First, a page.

Vansky Bias Lighting for HDTV review: This bargain bias lighting strip is a little too cool

Great for parties, so-so for video.

Vansky Bias Lighting for HDTV review: This bargain bias lighting strip is a little too cool
Ben Patterson/IDG
At a Glance

If you’re looking to give bias TV lighting a try without spending more than you might on lunch at Chipotle, you could do worse than this budget lighting strip from Vansky. This popular LED light strip is easy to install, boasts a variety of colors and lighting modes, and manages (more or less) to boost the apparent contrast on your TV screen while helping to relieve eye strain. The color temperature of the Vansky’s white setting will be too blue for purists, however, while the limited brightness settings don’t allow for precise calibration.

Installation and setup

Installing the $13 Vansky bias lighting strip is a simple process that’s similar to most of the competition. Simply unspool the 80-inch light strip, remove the protective backing, and then stick it to the back of your TV. For TV sets smaller than 42 inches, you’ll want to place the strip around the edges of the screen, or if your display is 50 inches and up (my Sony TV is 46 inches, but I went ahead and followed the instructions for larger sets), you can arrange the strip lengthwise, about a third of the way from the top. You can snip off any extra length with a pair of scissors, so long as you’re careful to cut along the safe zones marked on the strip.

vansky bias tv lighting back 2 Ben Patterson/IDG

The peel-and-stick Vansky bias lighting strip is a snap to install (and it’s seen here mounted between a couple of competitors).

To power the bias light, you can plug the integrated USB connector to the USB port in the back of your TV; theoretically, that should power on the LED strip when you turn on your TV. If your TV’s rear USB port behaves differently, you can use the included AC adapter and RF remote. You could also train your universal remote to control the Vansky lighting strip, so long as your remote is compatible with RF devices.

Features and usage

The Vansky bias lighting strip can’t sync with the colors on your TV screen, which isn’t a surprise given the budget price tag. It shouldn’t be considered a disqualification, either. While some enjoy the effect, which makes it look like the image is bleeding onto your wall, others complain that synced colors are too distracting and actually distort the colors on the screen.

The Vansky’s remote lets you choose between about 16 hues, ranging from red and yellow to green and light blue. You can cycle through every color using a pair of “Color” buttons on the remote or press one of the six dedicated color buttons. Two “Mode” buttons either pulse the lights or (somewhat garishly) rapidly flash the lights through each color.

vansky bias tv lighting remote 3 Ben Patterson/IDG

The Vansky’s RF remote lets you cycle through 16 colors and a couple of lighting modes, while offering only five steps of brightness.

The remote gives you just five steps of brightness, compared to about 60 for other bias lighting strips I’ve tested. That doesn’t leave you much room to maneuver in terms of calibrating the brightness of the LEDs. I found the lowest brightness level to be a little too low, while the next step was a tad too bright. In the end, I settled for the next-to-last step.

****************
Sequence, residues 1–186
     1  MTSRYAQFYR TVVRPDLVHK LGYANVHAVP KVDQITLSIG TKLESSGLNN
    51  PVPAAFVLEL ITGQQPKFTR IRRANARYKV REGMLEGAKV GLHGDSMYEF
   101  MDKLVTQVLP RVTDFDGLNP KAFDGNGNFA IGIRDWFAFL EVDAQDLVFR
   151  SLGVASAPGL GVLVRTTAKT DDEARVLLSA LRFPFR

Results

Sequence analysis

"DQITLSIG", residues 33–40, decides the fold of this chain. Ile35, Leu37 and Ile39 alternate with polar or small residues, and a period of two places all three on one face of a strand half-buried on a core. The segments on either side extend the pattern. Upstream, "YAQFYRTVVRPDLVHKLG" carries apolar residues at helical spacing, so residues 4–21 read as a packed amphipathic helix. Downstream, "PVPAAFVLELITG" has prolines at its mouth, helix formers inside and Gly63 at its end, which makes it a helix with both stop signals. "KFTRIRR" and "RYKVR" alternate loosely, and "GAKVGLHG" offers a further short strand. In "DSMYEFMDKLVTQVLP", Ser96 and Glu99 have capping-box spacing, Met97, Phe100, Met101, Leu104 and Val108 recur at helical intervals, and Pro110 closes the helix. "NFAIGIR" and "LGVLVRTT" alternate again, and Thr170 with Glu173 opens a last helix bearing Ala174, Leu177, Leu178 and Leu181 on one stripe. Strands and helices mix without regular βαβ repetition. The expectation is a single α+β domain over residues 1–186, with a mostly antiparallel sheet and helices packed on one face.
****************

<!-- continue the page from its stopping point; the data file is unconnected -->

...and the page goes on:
Performance

I had no trouble with the Vansky LEDs in terms of sheer reliability; they were certainly bright enough, and they didn’t perceptibly flicker when I was looking directly at the screen. (I did notice a slight flicker in my peripheral vision, but that’s not terribly unusual, even with more expensive bias lights.) The strip also managed to stay stuck to the back of my TV for the duration of my testing, with no evidence of the ends starting to peel off.

Once I’d dialed the Vansky’s brightness one step above its lowest setting, the strip did a decent job of boosting the apparent contrast on my screen without robbing darker areas of too much detail. The soft halo also helped to keep me from squinting at the screen as much as I usually do.

That said, I was disappointed by the cool temperature of the Vansky’s “white” LED setting. The video industry uses the color temperature of 6500K as a standard for how white should look; roughly speaking, it’s a shade of white that looks like daylight on a hazy day. Vansky’s strip looked too blue on its white setting, which makes the image on your screen look warmer than it should. Other bias TV lighting strips I’ve tested have come a lot closer to the 6500K mark, but they’re also much more expensive.

Conclusion

You get what you pay for with the budget-priced Vansky bias lighting strip. It’s easy to install, bright and colorful, and you can use the included remote to cycle through a variety of color modes. It’s great for throwing a party, but its white color mode is quite a bit cooler than the hazy daylight look preferred by video calibration experts, and that could distort your perception of colors on your TV screen.

 
At a Glance
  • This budget-priced bias lighting kit is easy to install, bright, and colorful. But its white color mode is quite a bit cooler than the hazy daylight look preferred by video calibration experts.

    Pros

    • Inexpensive
    • Easy to install
    • 16 colors and two light modes

    Cons

    • Limited brightness settings
    • White mode looks a little bluish
  
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